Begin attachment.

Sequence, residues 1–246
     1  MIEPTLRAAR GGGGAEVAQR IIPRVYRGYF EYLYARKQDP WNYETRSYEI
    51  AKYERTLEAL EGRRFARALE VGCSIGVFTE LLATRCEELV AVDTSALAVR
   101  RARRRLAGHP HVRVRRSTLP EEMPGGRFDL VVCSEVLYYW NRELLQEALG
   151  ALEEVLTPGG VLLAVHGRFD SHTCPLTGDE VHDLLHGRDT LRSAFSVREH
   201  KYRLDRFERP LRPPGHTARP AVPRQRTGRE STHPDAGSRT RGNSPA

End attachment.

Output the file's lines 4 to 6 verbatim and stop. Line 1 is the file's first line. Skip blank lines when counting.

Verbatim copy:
   101  RARRRLAGHP HVRVRRSTLP EEMPGGRFDL VVCSEVLYYW NRELLQEALG
   151  ALEEVLTPGG VLLAVHGRFD SHTCPLTGDE VHDLLHGRDT LRSAFSVREH
   201  KYRLDRFERP LRPPGHTARP AVPRQRTGRE STHPDAGSRT RGNSPA